73rd Constitutional Amendment Act, 1992 explained
73rd Constitutional Amendment Act, 1992 – explained.

The local bodies, rural and urban, act as grass-root democratic institutions, which also serve as the agencies for development and planning, channels of communication, units of decentralisation, and so on. These local institutions are of prime importance in a vast and democratic country like India. But unfortunately, the growth and working of rural local bodies in India have never been up to the mark.

These institutions of democratic decentralisation suffered problems due to a lack of will on the part of political leaders and bureaucracy. Over the years, these institutions became pictures of neglect.

There has been a long-standing demand to provide constitutional status to these bodies, which was ultimately met in the shape of the 73rd Constitutional Amendment Act of 1992.

Bare Act PDFs

It is thus of great significance to study and analyse the basic provisions of this amendment and its impact.

In this Constitution law note, you will learn more about the 73rd Constitutional Amendment Act of 1992.

Must See: Amendment in the Indian Constitution – Procedure, Modes, and Types

Balwant Rai Mehta Committee

The Indian government established a committee in 1957 to review the operations of the National Extension Service (1953) and the Community Development Programme (1952) and make recommendations for improvements. The committee advocated a plan for democratic decentralisation in its report, which was turned in and became known as the Panchayati Raj in November 1957.

Recommendations made by the Balwant Rai Committee are:

1. A three-tier Panchayati Raj System that includes Zila Parishad at the district level, Panchayat Samiti at the block level, and Gram Panchayat at the village level.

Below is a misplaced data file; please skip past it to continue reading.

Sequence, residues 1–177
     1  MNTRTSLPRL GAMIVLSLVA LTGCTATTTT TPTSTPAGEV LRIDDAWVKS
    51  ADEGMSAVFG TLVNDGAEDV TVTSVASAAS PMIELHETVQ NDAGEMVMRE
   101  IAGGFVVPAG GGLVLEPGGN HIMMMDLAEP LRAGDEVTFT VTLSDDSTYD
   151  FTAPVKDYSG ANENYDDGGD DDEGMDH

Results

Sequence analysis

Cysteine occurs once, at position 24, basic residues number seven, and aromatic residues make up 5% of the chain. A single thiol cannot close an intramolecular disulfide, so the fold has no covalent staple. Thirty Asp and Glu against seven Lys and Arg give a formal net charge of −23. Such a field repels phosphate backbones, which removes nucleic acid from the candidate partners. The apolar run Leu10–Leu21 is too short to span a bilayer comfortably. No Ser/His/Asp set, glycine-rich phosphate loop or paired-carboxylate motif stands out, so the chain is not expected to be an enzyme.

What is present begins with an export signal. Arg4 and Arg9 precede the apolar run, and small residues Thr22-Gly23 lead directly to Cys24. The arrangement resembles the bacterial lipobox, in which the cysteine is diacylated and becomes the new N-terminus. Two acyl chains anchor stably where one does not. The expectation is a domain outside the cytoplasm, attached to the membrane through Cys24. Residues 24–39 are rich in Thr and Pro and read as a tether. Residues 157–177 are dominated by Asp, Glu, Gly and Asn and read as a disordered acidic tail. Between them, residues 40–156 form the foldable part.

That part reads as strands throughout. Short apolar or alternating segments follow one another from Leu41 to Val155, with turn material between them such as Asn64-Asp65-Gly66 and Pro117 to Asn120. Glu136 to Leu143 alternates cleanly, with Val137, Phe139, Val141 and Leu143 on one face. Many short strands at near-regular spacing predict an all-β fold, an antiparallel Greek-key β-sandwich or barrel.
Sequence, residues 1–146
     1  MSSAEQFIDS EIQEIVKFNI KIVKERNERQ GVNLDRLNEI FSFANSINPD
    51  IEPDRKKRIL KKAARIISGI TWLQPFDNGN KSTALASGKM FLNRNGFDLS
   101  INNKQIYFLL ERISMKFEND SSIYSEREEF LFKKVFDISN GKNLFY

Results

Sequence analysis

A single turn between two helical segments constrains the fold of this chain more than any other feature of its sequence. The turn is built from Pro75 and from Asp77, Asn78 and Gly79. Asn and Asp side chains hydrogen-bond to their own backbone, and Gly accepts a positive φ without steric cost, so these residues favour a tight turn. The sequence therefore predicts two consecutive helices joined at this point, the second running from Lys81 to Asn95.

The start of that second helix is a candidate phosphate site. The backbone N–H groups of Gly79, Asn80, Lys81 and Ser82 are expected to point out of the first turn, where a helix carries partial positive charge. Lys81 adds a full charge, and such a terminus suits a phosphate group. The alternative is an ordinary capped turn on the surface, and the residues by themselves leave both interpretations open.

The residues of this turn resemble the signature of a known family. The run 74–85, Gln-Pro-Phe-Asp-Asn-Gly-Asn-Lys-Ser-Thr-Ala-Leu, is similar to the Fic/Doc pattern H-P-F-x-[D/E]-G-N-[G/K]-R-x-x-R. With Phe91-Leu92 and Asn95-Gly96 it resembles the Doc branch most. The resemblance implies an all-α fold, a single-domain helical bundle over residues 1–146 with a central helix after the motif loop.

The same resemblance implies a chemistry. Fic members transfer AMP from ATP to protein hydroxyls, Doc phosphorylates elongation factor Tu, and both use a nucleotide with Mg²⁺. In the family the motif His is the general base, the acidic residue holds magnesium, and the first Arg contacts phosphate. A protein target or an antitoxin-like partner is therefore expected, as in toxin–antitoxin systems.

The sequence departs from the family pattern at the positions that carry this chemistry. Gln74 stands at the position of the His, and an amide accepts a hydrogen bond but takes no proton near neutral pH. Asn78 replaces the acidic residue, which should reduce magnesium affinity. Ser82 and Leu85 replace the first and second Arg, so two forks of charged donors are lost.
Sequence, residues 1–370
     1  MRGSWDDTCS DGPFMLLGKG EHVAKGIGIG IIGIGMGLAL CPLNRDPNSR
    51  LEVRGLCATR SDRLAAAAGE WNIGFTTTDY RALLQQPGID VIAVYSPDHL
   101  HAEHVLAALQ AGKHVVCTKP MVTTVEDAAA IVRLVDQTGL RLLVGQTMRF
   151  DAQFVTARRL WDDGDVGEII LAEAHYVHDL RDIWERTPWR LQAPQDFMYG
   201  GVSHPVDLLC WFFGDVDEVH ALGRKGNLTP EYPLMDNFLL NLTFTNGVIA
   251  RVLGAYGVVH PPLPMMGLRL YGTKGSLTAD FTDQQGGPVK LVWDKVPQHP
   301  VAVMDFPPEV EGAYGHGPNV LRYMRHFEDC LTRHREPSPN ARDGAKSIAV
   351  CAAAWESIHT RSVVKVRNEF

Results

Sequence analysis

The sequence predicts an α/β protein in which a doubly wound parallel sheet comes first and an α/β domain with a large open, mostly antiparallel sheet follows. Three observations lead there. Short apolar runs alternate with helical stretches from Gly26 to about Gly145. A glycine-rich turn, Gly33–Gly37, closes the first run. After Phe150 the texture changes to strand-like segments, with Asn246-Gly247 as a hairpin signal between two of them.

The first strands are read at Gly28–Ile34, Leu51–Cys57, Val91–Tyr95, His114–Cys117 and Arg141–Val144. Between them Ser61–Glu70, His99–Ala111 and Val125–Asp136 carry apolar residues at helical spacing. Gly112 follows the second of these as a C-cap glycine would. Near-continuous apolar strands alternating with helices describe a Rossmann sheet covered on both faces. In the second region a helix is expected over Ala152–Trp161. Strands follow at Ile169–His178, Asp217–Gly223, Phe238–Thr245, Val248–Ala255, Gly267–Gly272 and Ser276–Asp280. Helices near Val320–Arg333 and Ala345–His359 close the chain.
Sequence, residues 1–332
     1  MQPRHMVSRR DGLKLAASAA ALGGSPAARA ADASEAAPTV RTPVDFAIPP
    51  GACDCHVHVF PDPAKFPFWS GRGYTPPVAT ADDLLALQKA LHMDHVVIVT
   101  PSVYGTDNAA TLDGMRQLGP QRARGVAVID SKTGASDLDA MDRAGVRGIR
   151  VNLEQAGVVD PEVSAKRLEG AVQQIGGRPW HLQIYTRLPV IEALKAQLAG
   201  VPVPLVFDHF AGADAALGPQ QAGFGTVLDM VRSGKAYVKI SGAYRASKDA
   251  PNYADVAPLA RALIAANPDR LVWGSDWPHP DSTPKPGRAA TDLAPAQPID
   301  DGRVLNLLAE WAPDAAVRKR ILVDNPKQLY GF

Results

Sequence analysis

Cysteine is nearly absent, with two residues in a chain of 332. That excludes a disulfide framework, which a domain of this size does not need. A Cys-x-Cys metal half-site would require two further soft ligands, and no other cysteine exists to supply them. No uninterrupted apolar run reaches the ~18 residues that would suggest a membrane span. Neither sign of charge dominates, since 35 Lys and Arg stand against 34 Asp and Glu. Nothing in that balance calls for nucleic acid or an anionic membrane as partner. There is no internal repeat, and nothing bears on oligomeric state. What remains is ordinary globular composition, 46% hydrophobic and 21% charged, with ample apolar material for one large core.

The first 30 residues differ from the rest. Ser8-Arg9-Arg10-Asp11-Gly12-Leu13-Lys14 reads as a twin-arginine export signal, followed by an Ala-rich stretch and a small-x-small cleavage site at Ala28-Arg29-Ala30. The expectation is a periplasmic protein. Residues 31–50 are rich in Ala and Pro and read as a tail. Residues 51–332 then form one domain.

2. These tiers should be naturally connected through a system of indirect elections.

3. Members of Panchayats at each level, that is, village, intermediate, and district levels, should be directly elected.

4. These bodies should be in charge of all planning and development initiatives.

5. The executive body should be the Panchayat Samiti, while the advising, coordinating, and supervisory body should be the Zila Parishad.

6. The chairman of the Zila Parishad should be the District Collector.

7. These democratic entities should get a true transfer of power and duty.

8. These bodies should be given adequate resources to enable them to carry out their activities and fulfil their responsibilities.

National Development Council accepted these recommendations in January 1958, and the council also left it to states to evolve their patterns suitable to the local conditions.

Conditions Leading to the 73rd Constitutional Amendment

In 1947, India achieved independence. The Constitution makers were aware of the problems relating to local self-government, and they included in the Constitution certain provisions relating to the development of local self-government.

Article 40 of the Indian Constitution relates to Directive Principles of State Policy. It provides for the setting up of the village Panchayat and entrusting them with such powers as essential to their successful working as units of self-government.

Given some provisions about village Panchayats in the Constitution and the recommendations made by the Balwant Rai Committee appointed by the central government, a three-tier Panchayati Raj system was established in the 1960s’ by several states with a lot of expectations. It is rather unfortunate that the Panchayati Raj system set up with great jubilation could not work effectively. In the seventies, a feeling started developing that “Panchayati Raj” was like a God that failed. Several committees/study teams were set up by the central government and several state governments.

Similarly, various scholars came forward and gave a long list of reasons for this failure. The major reasons given for the failure of Panchayati Raj institutions were inadequate powers and resources, irregular elections and meetings, negative state control, political and public apathy, neglect of weaker sections and women, and above all, the lack of constitutional states.